# The coolest fact in trigonometry that you learn way too late

• Femme_physics
In summary, the conversation discusses the law of cosines and its connection to the Pythagorean theorem in trigonometry. It also mentions the interesting fact that if A=0, cos A=1 and the law of cosines becomes the Pythagorean theorem. The conversation ends with a link to a website with more interesting math gems.
Femme_physics
Gold Member
The coolest fact in trigonometry that you learn way too late...

So I just spent the last 12 hours learning trig (occasional food breaks).

I just want to share with you something really, really, really, really, awesome.

Check this out, you're going to be blown away

The law of cosines, applied to a right triangle is c^2 = a^2+b^2 - 2abCosA Whereas A is equal to zero!

So the law of cosines for a right triangle is, in fact, the Pythagorean theorm! Math is sooooooooo awesome. Why did it only take me the last quarter of the textbook to learn this fact?

Perhaps I'm missing something here, but if A = 0, cos A = 1, and your statement comes in as

$$c^2 = a^2 + b^2 - 2ab$$

which is not the Pythagorean Theorem.

I mean, A is 90 degrees and therefor 0 is equal to 0!

Sorry

Dory said:
Check this out, you're going to be blown away

The law of cosines, applied to a right triangle is c^2 = a^2+b^2 - 2abCosA Whereas A is equal to zero!

So the law of cosines for a right triangle is, in fact, the Pythagorean theorm! Math is sooooooooo awesome. Why did it only take me the last quarter of the textbook to learn this fact?

yep it's awesome

Perhaps I'm missing something here, but if A = 0, cos A = 1, and your statement comes in as

$$c^2 = a^2 + b^2 - 2ab$$

which is not the Pythagorean Theorem.

Of course, this value is interesting too, as it's the theorem that if you have three collinear points:
A --- B ---- C​
Then the length of the whole (b) is the sum of the lengths of the two parts (a and c).

Dory said:
I mean, A is 90 degrees and therefor 0 is equal to 0!

Sorry

Don't worry - I had a feeling this is what you meant - but I wanted to make sure.

You'll find lots of cool things in your math classes if you take the time to look around.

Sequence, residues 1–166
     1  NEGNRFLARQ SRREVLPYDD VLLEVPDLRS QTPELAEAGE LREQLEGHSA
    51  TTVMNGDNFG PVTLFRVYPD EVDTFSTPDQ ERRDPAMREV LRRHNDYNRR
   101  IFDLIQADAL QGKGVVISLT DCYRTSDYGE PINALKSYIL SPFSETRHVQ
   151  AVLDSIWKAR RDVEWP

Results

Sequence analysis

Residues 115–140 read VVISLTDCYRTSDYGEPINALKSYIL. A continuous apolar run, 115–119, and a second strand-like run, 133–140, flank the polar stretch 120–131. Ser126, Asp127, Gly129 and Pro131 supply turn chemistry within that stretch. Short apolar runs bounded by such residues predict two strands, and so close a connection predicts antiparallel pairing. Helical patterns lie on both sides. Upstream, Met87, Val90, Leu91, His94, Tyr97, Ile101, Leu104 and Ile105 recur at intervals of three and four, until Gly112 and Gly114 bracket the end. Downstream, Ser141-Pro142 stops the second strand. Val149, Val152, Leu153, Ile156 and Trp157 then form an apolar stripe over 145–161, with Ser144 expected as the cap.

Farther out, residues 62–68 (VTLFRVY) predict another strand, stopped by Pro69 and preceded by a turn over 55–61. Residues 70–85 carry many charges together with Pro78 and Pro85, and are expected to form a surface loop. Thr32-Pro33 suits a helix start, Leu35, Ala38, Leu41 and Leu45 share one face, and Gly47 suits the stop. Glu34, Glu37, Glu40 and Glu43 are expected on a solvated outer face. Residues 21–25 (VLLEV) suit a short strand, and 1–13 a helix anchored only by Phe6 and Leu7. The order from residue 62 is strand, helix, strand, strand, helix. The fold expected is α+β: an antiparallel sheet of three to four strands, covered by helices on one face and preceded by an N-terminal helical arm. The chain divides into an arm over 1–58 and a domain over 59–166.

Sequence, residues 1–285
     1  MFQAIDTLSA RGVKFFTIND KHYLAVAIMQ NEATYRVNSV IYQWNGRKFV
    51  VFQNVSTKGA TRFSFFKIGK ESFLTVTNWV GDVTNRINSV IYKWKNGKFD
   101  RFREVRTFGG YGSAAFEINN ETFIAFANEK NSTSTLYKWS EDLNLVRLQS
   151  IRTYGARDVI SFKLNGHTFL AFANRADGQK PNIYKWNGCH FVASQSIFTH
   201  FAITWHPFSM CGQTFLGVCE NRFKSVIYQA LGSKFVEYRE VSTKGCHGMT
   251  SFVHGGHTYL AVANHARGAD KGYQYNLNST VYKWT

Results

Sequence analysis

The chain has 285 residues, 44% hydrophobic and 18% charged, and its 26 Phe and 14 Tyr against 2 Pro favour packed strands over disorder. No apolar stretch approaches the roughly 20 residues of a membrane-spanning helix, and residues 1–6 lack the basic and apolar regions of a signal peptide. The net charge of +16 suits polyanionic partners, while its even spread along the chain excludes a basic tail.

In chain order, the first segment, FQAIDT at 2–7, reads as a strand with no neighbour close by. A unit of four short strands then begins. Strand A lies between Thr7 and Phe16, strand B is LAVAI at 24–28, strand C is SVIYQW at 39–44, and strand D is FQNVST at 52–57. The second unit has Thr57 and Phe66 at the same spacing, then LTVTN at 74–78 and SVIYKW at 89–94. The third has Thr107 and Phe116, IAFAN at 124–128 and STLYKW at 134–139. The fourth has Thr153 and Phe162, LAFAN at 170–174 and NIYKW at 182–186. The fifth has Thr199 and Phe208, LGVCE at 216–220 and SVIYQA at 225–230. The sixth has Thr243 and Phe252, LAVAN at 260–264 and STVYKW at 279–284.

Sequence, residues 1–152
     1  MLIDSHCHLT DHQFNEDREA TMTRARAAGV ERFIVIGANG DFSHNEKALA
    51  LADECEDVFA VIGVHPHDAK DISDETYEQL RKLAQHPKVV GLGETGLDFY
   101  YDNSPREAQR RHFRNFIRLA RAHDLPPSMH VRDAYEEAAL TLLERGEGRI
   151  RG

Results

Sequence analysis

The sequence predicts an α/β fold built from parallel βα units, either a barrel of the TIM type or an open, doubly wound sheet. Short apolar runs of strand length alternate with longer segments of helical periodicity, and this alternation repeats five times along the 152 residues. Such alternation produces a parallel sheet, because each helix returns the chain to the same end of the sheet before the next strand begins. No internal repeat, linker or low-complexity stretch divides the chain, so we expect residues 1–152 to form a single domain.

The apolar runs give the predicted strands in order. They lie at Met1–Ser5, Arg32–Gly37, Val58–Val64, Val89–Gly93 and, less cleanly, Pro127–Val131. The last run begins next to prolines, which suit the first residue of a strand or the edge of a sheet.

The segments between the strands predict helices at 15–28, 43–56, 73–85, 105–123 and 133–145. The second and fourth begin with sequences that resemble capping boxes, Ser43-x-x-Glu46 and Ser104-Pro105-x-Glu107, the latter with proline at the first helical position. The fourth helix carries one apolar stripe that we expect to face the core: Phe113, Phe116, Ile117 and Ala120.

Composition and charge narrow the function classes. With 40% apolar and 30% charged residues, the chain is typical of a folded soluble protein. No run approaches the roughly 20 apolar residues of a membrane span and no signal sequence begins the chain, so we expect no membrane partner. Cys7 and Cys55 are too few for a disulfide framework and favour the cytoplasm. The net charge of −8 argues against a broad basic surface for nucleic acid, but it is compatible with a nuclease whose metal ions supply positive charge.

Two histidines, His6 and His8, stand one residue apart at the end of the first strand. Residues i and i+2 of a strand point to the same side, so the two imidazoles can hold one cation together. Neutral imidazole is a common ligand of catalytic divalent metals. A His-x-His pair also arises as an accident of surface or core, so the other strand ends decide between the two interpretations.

Dory said:
I mean, A is 90 degrees and therefor 0 is equal to 0!
You don't need the law of cosines to conclude 0 = 0.

Awesome link granpa! And thanks for the replies and humoring me :)

## What is the coolest fact in trigonometry that you learn way too late?

The coolest fact in trigonometry that you learn way too late is the law of cosines. It allows you to find the length of a side of a triangle by using the cosine function, even if you don't know any angles.

## How does the law of cosines work?

The law of cosines is based on the Pythagorean theorem, which states that in a right triangle, the square of the length of the hypotenuse (the side opposite the right angle) is equal to the sum of the squares of the other two sides. The law of cosines extends this concept to non-right triangles by using the cosine function to calculate the length of a side.

## Why is the law of cosines important?

The law of cosines is important because it allows you to solve for sides and angles of a triangle that may not be right triangles. This is especially useful in real-world applications, such as surveying and navigation, where you may encounter non-right triangles.

## Can the law of cosines be used with any triangle?

Yes, the law of cosines can be used with any triangle, regardless of its type (acute, right, or obtuse). However, it is most commonly used with obtuse triangles, as this is where it differs from the Pythagorean theorem.

## Is the law of cosines the only way to find the length of a side of a triangle?

No, there are other trigonometric laws and formulas that can be used to find the length of a side of a triangle, such as the Pythagorean theorem, the law of sines, and the law of tangents. However, the law of cosines is the most versatile, as it can be used in any type of triangle.

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